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Turret equipped fighters became operational with the Royal Air Force during WW2 as the result of the British Government’s ongoing concern about German aerial attacks on the United Kingdom during World War One. The possibility of enemy bombers, and not just German ones, once again flying over the country and dropping their deadly load on British soil had troubled them ever since. In the 1930s a fighter fitted with a gun turret was considered to be an effective way of attacking bombers and would be a feasible alternative to conventional fighters. The result of this concept was the Defiant, which was developed to meet this operational requirement. After a promising start during the dark days of the Battle of France the Defiant was withdrawn from day operations, after having sustained heavy losses, during the Battle of Britain. This first part is dedicated to the Defiant and narrates its development as a day fighter. Although the concept proved a failure, the blame does not rest solely on that Defiant, the easy way taken by some writers in the past, as other factors contributed to its failure. Over 30 photographs, some seen for the first time.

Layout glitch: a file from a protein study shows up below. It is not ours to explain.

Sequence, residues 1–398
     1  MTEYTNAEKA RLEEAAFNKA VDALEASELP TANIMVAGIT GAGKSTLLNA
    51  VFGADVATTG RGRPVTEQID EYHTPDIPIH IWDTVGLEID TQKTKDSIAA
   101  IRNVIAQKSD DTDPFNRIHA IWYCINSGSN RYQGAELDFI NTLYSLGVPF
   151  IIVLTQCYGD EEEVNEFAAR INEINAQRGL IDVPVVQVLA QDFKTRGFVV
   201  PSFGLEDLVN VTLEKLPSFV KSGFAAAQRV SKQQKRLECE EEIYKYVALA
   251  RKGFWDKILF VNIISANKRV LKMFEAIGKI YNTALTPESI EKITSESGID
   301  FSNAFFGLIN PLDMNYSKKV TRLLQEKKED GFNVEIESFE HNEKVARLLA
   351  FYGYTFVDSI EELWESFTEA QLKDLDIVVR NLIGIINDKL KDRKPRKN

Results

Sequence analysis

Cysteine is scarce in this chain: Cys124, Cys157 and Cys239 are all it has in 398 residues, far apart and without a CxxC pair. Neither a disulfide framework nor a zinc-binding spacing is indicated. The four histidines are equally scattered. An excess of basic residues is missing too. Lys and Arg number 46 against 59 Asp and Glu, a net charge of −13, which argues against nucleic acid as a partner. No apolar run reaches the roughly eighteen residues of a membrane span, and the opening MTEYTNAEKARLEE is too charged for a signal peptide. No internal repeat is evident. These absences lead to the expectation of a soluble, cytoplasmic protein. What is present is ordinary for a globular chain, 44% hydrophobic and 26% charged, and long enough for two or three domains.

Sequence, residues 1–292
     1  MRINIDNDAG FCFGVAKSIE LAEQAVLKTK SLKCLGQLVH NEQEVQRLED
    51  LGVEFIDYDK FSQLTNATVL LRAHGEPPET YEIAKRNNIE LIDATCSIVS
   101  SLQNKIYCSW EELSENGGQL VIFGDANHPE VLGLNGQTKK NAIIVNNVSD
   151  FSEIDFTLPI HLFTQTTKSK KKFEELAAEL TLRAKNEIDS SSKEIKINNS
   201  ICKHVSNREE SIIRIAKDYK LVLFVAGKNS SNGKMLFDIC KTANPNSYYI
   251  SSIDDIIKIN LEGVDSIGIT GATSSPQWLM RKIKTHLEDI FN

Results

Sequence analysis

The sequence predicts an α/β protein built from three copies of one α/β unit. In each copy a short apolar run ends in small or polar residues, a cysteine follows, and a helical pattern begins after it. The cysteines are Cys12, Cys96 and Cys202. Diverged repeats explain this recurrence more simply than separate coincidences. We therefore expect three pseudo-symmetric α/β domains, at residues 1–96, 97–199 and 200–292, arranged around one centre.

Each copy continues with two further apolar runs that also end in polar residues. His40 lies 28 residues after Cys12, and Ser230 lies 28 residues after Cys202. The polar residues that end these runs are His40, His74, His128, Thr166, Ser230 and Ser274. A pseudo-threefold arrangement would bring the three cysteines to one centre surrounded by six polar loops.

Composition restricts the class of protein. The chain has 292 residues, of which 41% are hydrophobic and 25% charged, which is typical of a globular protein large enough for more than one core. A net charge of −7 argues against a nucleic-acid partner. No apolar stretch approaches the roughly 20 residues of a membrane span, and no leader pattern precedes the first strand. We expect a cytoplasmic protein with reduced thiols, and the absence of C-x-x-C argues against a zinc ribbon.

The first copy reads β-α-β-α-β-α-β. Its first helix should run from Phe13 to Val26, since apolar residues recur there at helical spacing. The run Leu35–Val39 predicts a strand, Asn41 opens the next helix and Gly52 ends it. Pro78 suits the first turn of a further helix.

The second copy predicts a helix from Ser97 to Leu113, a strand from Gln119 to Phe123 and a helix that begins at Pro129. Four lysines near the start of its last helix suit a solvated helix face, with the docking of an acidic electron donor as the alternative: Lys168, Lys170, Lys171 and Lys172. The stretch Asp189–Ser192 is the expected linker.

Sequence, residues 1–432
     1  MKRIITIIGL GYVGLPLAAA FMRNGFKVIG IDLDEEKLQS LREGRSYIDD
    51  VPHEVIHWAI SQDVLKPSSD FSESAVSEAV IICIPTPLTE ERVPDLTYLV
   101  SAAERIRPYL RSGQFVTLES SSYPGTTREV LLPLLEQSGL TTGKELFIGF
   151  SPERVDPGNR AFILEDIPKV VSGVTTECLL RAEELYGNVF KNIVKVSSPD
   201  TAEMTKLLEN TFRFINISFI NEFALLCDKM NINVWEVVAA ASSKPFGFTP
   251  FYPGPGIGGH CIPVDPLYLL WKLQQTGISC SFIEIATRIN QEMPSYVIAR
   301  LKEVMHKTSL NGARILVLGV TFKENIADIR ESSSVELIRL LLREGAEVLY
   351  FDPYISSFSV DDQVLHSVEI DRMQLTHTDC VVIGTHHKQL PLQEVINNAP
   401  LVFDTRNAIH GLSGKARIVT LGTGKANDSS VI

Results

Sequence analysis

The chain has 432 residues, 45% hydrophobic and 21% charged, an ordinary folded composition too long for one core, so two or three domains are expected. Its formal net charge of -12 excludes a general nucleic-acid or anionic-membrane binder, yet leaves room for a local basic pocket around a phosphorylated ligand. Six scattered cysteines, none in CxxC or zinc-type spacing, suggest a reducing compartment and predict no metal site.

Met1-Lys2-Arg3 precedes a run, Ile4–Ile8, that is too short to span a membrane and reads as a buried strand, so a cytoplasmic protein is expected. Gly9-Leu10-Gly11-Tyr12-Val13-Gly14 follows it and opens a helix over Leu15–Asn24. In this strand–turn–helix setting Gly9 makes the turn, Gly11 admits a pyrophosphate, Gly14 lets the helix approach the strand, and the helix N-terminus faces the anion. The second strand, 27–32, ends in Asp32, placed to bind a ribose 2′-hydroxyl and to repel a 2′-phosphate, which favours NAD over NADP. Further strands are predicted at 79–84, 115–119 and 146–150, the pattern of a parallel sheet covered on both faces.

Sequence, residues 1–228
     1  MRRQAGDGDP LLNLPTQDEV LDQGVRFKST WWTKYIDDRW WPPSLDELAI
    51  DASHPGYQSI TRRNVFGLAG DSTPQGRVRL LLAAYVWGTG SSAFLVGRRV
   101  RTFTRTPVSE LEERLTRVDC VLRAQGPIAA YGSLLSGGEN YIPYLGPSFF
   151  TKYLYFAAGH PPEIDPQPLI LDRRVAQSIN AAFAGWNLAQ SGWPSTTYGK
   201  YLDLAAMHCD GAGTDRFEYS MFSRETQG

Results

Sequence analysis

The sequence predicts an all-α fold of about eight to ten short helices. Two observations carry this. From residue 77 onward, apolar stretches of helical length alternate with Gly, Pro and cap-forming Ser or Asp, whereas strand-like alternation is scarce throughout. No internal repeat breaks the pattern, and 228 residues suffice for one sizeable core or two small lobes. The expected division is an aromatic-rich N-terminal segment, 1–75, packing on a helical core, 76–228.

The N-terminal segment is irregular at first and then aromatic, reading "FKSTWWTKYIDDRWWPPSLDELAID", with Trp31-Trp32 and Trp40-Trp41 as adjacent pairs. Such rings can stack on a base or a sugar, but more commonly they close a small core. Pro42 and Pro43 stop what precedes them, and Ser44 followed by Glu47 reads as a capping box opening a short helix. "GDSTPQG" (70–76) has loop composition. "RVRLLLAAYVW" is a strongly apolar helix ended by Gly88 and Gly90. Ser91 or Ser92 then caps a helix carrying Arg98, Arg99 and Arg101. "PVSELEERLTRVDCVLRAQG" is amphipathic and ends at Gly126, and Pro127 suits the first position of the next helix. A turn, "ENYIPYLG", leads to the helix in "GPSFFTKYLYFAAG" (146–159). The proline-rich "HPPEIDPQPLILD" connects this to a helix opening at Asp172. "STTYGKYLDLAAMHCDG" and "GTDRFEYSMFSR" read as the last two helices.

SIZE 170 x 245mm (paperback)
by Andrew Thomas & Phil Listemann